Following similar steps, the company has announced an increase of its EV investment to $50 billion through 2026, up from $30 billion by 2025 (previously announced by the company). The unpacking of such announcement starts to tell the strategy story at Ford.
Ford’s response to electrification is summed into the Ford Electric Vehicle Strategy: a transformative playbook where strategy development is played out. At the corporate-level, the company has imagined its growth, a production exceeding 2 million EVs by 2026 (a third of its annual global production ramping up to 50% by 2030). To enable this growth, Ford’s business model pivots on electrifying three iconic models of its product line including Mustang, F-150, and Transit. This is in addition to designing charging services to complement the electrified products. At the business-level, Ford is leaning towards focus differentiation (vs. broad differentiation which targets wider segment) with clear focus on appealing to specific customer segments in retail market (the futuristic modern and outdoor spirited for Mustang Mach-E and F-150 Lightning, respectively) and commercial market (the efficiency-minded fleet buyers for E-Transit). Finally, at the functional-level, the company realizes the need for those four building blocks in order to create and sustain its competitive advantages. To this extent, Ford has taken steps towards:
Innovation. As a hive of technical innovation, the company kicked off development of BlueOval City, its first mega campus in over a generation with the vision to be a sustainable ecosystem for automotive manufacturing to build next-generation electric vehicles. Built on 3600 acers outside Memphis, Tennessee, the $11B investment if a hub center for battery and vehicle manufacturing.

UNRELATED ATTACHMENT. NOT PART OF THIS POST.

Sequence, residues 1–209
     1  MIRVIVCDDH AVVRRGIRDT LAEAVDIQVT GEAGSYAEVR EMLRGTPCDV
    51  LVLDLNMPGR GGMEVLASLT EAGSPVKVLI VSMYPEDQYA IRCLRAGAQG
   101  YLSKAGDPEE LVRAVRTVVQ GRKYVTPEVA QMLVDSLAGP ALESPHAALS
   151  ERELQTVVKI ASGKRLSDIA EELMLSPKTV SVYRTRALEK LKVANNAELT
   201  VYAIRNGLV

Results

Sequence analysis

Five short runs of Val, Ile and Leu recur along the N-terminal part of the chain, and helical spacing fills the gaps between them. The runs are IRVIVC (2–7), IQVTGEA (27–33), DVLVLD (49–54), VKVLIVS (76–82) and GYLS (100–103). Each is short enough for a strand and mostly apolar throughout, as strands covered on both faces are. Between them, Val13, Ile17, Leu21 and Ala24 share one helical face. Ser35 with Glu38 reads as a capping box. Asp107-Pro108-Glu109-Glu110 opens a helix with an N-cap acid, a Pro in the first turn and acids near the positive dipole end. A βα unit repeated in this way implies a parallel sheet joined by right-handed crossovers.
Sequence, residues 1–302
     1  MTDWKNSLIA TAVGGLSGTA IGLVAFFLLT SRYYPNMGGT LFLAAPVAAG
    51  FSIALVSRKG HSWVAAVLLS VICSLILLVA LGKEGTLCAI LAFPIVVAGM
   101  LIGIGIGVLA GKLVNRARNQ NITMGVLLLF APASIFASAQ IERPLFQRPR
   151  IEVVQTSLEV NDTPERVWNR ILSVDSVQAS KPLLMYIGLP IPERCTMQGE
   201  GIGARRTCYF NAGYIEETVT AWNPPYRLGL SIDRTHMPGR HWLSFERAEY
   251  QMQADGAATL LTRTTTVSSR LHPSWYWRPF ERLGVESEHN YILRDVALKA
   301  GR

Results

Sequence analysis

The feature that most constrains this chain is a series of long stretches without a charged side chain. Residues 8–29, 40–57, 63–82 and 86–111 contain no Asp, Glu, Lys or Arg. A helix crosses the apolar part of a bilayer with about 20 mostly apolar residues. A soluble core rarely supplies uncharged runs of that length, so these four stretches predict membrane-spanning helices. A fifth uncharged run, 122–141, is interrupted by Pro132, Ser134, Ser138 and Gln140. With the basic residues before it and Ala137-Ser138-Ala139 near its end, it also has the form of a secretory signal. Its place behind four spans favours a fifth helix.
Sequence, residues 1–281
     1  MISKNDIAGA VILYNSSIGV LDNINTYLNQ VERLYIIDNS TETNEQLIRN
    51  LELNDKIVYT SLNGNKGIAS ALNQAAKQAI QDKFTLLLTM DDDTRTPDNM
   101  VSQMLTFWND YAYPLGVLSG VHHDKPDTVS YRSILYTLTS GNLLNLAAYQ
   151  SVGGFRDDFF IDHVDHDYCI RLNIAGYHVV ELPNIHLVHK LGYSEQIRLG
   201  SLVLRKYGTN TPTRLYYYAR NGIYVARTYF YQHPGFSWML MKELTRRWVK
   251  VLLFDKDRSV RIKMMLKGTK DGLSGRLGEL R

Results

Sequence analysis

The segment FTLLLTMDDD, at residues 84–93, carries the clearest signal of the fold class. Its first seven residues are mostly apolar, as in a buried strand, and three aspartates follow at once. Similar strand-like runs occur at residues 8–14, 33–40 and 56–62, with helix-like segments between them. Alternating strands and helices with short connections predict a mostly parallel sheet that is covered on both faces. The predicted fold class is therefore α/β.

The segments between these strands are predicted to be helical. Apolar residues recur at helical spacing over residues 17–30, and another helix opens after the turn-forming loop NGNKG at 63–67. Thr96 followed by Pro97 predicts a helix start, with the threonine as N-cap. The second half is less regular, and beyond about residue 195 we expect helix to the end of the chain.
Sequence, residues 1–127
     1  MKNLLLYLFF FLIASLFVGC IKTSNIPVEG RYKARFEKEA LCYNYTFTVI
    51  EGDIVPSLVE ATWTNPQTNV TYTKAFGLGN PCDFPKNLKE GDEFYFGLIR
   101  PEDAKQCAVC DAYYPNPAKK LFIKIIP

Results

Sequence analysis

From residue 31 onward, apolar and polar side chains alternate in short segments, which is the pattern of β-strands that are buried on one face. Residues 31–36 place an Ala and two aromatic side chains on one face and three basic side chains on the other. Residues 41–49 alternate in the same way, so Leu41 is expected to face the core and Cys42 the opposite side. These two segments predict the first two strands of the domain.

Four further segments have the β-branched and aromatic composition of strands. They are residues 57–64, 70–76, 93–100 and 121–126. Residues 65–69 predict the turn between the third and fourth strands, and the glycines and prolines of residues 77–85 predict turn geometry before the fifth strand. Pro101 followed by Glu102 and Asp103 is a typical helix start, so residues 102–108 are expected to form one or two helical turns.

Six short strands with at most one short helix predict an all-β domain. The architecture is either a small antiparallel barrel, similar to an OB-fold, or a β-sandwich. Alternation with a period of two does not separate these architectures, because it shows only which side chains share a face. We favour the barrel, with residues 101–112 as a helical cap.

Efficiency. To achieve operational fitness, the company has recently reorganized its structure to align with the new shift towards electrification by segregating the traditional business (named Ford Blue) from the new EV business (named Model e) in addition to downsizing of manpower (elimination of 3,000 jobs in 2022) and execution of a wave of internal structural cost reduction initiatives. The formation of distinct auto units is designed to strengthen operations while streamlining business processes to unlock value and to optimize operations efficiency.
Quality. With 46 safety recalls on 6.8 million vehicles in the first 7 months of 2022 alone (including 49,000 Mustang Mach-Es), Ford realized the urgency to prioritize quality and shifting its perspective on it to being a driver for organizational culture. Positioning quality at the front and center of business meetings, it has become a strategic priority and a mechanism to transform the company by challenging the way it has historically approached defects and root cause analysis. The company has redesigned business processes to re-imagine how quality problems are identified; a shift in mindset that enables cross-functional teams to address quality concerns sooners and incorporate learnings into the engineering design process in an accelerated fashion.
Customer Responsiveness. The company is re-imagining the customer experience with the introduction of its electrified vehicles. The Ford Electric Vehicle Strategy has been developed as a holistic approach to electrification, one that brings the benefits of EVs to customers with an accessible price point, improved productivity, lower cost of ownership, and a variety of home charging solutions. For example, the E-Transit promises an ‘unmatched customer experience’ and maximum productivity by offering a targeted range up to 380 km, full towing capability, and DC fast charging making it among the leading commercial EV on the market.
Meeting the electrification challenge is not an easy task, so far it has shifted corporate-level strategies as auto makers strive to stay current and competitive. At Ford, this is no different. Only time will tell whether or not Ford’s playbook will yield a successful story in electrification.